In Depth Review: Animal Crossing [GCN]
Ever since I learned about Animal Forest +, I was crazy over it. I thought, "living on my own in a forest full of animals, decorating my house and trading things with them? What a great thought!" Then I learned more about the tiny nuances that make this game original. The animals in the game celebrate holidays, and remember things about you. You can travel to other people's towns to explore their lands and maybe take home some of their animals. You can invite three close friends to live in your town and make changes when you are not around. It goes on and on. Back then, I thought that I would be playing this game for about a year, and I would let it go. Now that I have it, I see that I won't be letting this gem go for at least 3 to 5 years.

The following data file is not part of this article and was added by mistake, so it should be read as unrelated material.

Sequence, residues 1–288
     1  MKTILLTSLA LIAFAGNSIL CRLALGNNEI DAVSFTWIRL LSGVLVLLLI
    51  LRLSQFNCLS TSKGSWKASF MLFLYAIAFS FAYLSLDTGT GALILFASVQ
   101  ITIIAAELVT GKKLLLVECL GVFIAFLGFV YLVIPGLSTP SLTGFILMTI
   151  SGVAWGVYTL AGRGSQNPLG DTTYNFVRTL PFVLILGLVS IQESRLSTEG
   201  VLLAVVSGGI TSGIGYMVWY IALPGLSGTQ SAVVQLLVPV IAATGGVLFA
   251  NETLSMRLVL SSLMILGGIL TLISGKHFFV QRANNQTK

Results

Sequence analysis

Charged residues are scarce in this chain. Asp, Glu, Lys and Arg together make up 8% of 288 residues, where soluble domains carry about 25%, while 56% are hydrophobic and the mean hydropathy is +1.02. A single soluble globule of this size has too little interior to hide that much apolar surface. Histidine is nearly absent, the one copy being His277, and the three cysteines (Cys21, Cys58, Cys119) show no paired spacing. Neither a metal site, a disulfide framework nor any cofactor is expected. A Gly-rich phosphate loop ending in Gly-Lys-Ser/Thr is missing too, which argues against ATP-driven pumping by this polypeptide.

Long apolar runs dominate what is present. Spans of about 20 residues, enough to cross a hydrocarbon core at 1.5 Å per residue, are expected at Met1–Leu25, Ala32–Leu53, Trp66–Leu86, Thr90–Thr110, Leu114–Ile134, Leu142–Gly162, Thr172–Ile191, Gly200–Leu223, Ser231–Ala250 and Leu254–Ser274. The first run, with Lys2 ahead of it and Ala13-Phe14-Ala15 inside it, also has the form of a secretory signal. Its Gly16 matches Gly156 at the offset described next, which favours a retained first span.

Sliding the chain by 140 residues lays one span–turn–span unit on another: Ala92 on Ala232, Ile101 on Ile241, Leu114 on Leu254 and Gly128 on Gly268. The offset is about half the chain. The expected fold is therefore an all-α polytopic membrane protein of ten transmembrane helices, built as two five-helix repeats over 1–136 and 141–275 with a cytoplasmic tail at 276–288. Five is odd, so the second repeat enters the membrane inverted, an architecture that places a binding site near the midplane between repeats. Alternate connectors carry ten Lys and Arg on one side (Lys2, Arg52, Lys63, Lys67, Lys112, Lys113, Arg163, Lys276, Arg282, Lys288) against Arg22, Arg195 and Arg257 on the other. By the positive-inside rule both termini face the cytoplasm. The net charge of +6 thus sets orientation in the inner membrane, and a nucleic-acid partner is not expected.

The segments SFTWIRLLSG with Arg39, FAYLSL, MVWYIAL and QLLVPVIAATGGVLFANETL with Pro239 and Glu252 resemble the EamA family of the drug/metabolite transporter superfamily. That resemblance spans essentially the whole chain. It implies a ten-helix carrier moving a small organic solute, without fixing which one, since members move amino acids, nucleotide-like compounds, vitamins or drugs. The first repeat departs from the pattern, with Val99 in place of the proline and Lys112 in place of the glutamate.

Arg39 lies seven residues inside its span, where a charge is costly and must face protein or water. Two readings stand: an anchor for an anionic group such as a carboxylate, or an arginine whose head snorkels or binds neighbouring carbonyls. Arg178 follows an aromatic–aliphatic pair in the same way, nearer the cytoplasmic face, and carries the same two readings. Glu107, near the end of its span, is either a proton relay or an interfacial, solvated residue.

The gameplay is very simple. You control your character with the left analog stick, accept and make actions with the A button, run, cancel and pick up items with the B button. The X and Y buttons activate the map and inventory menus, respectively, and the L button also allows you to run (making navigation with one hand while eating, writing, typing, etc. very easy!). The C stick can change the camera angle inside houses, allowing the player to see the entire house they're in. There's not much else to it. In the game, the player will find themselves completing a variety of tasks, including fishing, digging, chopping down trees, running errands for neighbors, catching bugs, and searching for fruits and money in trees. Although this is just a simple game of collecting items, there are several things you can do with the items you collect. You can keep them in your house if it fits your style, or you can mail them to any of your neighbors. Oh, you don't think your neighbors deserve your unwanted item? Go to another player's town and send it to them. You can sell it too, but don't expect too much money from the official merchant of Animal Crossing, Tom Nook. One of the advantages to mailing items to neighbors is that they mail you items in return, no matter what town that animal is from.